Supplemental & Other Types of Health Insurance

Supplemental health insurance provides limited coverage and benefits for specified losses. These contracts should not be used as a substitute for comprehensive health insurance coverage. Following are some examples of supplemental policies.

Short-Term Health Coverage

Short-Term Health Coverage

Short Term health insurance plans do not meet the minimum essential coverage requirements under the Affordable Care Act (ACA). They are designed solely to provide temporary health care insurance during unexpected coverage gaps for up to 12 months with the option to renew coverage up to 36 months. These plans may ask more detailed questions regarding your health history, to determine eligibility as they do not cover preexisting conditions and are not guaranteed renewable. 

Student Group Coverage

Student Group Coverage

Many colleges and universities offer health insurance to enrolled students and may offer coverage for an extended period after graduation.

All eligible students enrolled in the UNC System Colleges and Universities are required to have health insurance coverage. However, this does not mean a student must enroll in the UNC System Student Health Insurance Plan; it means a student must provide proof of active creditable health insurance using the schools Waiver Process.

 

Cancer

Cancer

Cancer policies provide limited benefits when the insured person is diagnosed with cancer (as defined in the policy contract). Most policies contain a schedule of benefits describing the amount of payments for covered cancer treatments. Benefits under these types of insurance plans are normally paid directly to the insured person.

Dental

Dental

Dental insurance provides benefits for care and treatment of the teeth and gums. Benefits vary from policy to policy, as some may cover 100 percent of preventative care (such as semi-annual check-ups, fluoride treatments, etc.) while others may only cover a portion of preventative care.

Hospital Indemnity (Hospital Income Policy)

Hospital Indemnity (Hospital Income Policy)

Hospital indemnity policies provide benefits for each day of hospital confinement. The benefits are usually specified dollar amounts and are not based on actual expenses. These policies are supplementary type coverage’s and should not be used as a substitute for comprehensive health insurance.

Medicare Supplement

Medicare Supplement

The federal Medicare program covers most (but not all) medical expenses for people age 65 and older. Individuals under age 65 receiving Social Security disability benefits are also covered under the program. A Medicare Supplement policy may be purchased to help pay for certain expenses such as deductibles, co-payments and other non-covered expenses. For information and counseling on Medicare Supplement policies, contact the Seniors’ Health Insurance Information Program (SHIIP) at 855-408-1212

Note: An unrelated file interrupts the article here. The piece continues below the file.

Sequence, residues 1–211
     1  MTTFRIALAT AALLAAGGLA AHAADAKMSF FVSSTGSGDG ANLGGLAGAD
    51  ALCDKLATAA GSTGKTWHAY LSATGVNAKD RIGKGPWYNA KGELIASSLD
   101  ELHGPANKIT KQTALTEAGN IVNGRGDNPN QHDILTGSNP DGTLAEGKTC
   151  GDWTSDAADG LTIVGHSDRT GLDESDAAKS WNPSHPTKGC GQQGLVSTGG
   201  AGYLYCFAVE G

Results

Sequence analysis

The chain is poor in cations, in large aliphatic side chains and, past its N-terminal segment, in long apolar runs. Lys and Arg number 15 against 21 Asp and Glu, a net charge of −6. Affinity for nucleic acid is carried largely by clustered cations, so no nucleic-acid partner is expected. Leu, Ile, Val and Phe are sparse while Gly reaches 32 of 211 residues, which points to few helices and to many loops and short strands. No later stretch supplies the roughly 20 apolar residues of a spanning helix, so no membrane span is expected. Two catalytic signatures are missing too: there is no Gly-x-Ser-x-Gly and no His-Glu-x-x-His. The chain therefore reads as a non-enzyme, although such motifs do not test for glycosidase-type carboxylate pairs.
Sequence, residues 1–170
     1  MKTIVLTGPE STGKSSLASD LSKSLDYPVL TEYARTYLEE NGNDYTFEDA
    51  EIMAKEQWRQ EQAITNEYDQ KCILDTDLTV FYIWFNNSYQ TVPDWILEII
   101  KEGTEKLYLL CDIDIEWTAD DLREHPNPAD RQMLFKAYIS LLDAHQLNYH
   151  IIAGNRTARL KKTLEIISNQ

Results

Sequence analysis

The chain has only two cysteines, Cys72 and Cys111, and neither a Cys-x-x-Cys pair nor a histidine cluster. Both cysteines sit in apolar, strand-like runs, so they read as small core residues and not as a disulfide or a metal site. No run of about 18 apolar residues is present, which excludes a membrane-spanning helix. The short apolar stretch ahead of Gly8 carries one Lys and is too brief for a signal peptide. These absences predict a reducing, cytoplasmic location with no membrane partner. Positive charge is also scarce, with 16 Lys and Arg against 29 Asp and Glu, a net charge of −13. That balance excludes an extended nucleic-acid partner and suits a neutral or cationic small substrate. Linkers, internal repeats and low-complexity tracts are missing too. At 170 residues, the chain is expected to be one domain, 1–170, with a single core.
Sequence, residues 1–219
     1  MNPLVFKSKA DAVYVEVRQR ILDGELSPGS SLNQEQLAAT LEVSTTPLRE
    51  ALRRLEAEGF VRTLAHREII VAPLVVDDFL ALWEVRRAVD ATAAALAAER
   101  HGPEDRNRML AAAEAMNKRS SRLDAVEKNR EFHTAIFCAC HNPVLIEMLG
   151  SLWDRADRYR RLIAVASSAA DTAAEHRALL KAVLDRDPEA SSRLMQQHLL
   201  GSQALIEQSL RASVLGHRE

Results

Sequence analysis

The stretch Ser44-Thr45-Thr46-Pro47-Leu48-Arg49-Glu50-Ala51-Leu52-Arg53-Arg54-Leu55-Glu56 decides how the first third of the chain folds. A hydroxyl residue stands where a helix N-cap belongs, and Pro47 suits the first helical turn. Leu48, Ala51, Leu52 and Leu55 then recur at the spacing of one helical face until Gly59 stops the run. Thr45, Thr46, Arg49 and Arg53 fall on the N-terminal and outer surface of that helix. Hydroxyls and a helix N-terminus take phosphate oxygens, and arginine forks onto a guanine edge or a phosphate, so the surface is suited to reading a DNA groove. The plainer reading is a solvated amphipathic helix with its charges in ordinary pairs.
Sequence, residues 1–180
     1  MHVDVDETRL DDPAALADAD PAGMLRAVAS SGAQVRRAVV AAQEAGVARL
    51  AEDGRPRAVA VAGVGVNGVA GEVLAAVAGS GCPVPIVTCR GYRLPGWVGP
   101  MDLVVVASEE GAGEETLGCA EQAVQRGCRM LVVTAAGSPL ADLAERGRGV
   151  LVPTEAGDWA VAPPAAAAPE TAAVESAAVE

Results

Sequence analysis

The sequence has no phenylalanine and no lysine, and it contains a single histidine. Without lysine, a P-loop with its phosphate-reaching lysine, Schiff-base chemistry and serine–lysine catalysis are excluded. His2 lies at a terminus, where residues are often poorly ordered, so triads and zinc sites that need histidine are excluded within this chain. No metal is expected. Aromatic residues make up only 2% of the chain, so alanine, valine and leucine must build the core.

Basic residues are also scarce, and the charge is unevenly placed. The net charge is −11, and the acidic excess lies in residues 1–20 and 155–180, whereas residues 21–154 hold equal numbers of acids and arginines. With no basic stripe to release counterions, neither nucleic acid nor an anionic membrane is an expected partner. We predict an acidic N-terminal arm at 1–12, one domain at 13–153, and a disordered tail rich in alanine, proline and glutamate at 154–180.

Long Term Care

Long Term Care

Long Term Care policies generally provide benefits for skilled and intermediate nursing home care. Benefits for personal care (custodial care) may also be provided for care received in approved facilities. Some policies also cover alternative types of care such as home health care or adult day care. Some even cover home modification expenses. For information and counseling on Long Term Care policies, contact the Seniors’ Health Insurance Information Program (SHIIP) at 1-855-408-1212

Accidental Death & Dismemberment (AD&D)

Accidental Death & Dismemberment (AD&D)

This type of insurance will provide benefits in the event death results from a covered accident. Further, benefits are paid if there is a loss of two limbs, or sight of both eyes. Reduced benefits are normally payable for loss of one limb or of sight in one eye as well as loss of a foot or hand.

Disability

Disability

Disability Insurance provides income replacement benefits to an insured who is unable to work because of non-work-related sickness or injury.

  • Short-term Disability – Provides benefits when an insured is unable to perform the regular and customary duties of their own occupation as a result of covered illness or injury.
  • Long-term Disability - “Any Occupation” definition, an insured is generally considered eligible for benefits only if the insured is disabled to the extent that he or she is unable to perform the duties of any occupation for which he/she is qualified according to his/her education, training and prior experience.